Advertising Glossary of Terms
There are many terms used in online web advertising which might be new or confusing to first time advertisers. This advertising glossary will help you understand what advertising online is all about.
CPM - Cost Per Thousand (M = 1 thousand in Roman Numerals). This means you are paying a certain cost for every 1,000 ads that are shown to an end user. Think of this like a newspaper. If your ad goes out to 1,000 people, you pay $X amount. If your ad goes out to 2,000 people, you pay $Y amount. With a newspaper, all you know is that the reader lives in a certain region of the state. But with BellaOnline, you can put your ad right on a given site - the Knitting site, the Martial Arts site. You can focus your ad on exactly the audience you want. You know exactly for sure that the user actually saw the page your ad on. With a newspaper, you have no idea if the reader turned to your page to even see your ad.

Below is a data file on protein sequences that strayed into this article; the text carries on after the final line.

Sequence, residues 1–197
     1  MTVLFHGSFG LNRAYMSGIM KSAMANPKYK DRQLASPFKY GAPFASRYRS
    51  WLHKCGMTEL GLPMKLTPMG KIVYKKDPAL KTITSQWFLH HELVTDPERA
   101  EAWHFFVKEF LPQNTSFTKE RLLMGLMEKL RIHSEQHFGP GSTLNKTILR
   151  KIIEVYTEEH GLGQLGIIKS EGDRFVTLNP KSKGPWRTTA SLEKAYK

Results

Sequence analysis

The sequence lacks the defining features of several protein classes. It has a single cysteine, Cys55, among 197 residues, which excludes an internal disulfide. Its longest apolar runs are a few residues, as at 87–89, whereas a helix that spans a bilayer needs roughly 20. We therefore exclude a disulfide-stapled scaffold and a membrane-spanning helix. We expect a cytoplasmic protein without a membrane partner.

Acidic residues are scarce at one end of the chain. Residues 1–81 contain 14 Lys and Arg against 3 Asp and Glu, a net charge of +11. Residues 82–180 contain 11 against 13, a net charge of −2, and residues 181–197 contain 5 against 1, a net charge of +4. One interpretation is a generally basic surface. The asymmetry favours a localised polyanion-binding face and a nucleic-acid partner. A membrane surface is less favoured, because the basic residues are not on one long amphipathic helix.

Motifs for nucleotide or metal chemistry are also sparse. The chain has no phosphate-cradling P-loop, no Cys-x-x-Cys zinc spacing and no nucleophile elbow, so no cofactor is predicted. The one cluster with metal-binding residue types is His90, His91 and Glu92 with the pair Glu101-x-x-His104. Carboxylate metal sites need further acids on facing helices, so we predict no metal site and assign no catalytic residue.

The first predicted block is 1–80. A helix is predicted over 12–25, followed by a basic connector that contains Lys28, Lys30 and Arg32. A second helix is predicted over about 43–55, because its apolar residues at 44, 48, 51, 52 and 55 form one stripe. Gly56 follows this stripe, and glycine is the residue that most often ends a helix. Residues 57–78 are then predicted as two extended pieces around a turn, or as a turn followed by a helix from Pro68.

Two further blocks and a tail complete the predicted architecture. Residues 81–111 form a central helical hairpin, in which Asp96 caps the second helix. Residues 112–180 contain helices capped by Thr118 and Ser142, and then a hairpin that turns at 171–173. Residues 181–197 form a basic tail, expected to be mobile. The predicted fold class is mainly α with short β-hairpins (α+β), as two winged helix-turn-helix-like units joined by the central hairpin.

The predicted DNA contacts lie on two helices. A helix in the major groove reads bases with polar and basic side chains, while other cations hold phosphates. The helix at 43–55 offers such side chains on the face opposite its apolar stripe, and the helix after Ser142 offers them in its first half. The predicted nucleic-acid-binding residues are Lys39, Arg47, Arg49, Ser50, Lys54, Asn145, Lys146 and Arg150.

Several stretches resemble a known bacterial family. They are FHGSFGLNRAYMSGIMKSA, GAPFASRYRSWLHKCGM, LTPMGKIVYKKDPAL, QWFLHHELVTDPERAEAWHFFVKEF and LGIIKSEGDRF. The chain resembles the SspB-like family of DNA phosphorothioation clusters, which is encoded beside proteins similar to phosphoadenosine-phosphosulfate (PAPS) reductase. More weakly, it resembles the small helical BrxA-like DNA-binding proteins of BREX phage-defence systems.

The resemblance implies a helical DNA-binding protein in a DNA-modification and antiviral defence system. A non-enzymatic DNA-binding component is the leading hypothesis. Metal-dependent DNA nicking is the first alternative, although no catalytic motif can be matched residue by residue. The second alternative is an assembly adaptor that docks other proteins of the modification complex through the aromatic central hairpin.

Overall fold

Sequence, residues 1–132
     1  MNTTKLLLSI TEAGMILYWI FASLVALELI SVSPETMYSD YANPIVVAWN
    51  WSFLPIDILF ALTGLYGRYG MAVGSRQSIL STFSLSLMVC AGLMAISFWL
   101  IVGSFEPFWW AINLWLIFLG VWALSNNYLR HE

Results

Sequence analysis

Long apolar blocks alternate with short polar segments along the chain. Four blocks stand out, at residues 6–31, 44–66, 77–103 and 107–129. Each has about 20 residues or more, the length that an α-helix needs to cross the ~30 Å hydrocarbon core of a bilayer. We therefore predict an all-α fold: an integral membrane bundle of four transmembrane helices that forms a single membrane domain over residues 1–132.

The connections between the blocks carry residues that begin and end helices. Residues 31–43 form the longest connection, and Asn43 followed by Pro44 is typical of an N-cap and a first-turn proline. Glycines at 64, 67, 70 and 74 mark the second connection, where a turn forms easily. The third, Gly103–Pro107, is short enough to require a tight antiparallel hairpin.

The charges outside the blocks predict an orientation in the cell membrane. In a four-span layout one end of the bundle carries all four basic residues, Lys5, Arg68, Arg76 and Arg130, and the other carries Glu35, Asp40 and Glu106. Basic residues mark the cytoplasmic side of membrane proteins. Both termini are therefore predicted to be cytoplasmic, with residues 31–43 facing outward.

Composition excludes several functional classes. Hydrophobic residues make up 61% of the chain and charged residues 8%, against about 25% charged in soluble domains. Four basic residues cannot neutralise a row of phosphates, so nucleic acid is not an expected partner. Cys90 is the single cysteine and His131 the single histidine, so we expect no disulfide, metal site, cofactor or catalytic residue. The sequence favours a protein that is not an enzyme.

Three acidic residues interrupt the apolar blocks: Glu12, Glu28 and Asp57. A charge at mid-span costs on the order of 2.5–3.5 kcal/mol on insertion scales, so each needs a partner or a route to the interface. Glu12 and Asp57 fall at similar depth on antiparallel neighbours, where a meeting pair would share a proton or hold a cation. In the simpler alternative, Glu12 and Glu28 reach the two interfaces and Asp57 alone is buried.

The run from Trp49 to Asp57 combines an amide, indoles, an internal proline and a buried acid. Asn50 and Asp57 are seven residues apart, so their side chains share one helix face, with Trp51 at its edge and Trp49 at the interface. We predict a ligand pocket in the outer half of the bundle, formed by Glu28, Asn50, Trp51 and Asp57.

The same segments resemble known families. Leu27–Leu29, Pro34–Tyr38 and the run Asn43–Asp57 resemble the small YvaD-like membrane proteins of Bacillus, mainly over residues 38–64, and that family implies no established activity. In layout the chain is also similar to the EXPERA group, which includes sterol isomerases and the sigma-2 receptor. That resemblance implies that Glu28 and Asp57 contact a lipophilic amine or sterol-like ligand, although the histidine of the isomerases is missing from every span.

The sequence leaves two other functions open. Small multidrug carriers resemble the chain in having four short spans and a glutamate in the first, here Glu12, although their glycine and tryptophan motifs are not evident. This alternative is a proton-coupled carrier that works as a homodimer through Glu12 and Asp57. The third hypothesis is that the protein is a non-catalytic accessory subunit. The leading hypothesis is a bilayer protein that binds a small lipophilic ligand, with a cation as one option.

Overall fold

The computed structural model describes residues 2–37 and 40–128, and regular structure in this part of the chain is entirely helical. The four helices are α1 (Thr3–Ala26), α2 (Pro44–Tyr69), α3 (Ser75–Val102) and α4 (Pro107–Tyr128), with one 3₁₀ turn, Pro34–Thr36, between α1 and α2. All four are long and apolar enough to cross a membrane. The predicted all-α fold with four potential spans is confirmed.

Hits - Some deceptive websites give you their visitor count in HITS. This is a REALLY misleading number for them to tell you. In essence, on the web a hit is a single item shown to an end user. This can be a button on a page, or even a white square used to adjust spacing in a table. If a page has 20 different graphic items on it, it generates twenty "hits" when a person looks at it! If the website wants to double their hit count, they simply add more graphics to their pages. You can see why this number is completely meaningless. BellaOnline never reports values in hits.
Pageviews - Pageviews are the proper way to report traffic. This is the number of actual PAGES seen by visitors, regardless of how many little graphic images are found on those pages. BellaOnline only shows pageviews on all of its reports. Our total traffic figure is over 20 million pageviews to end users each month.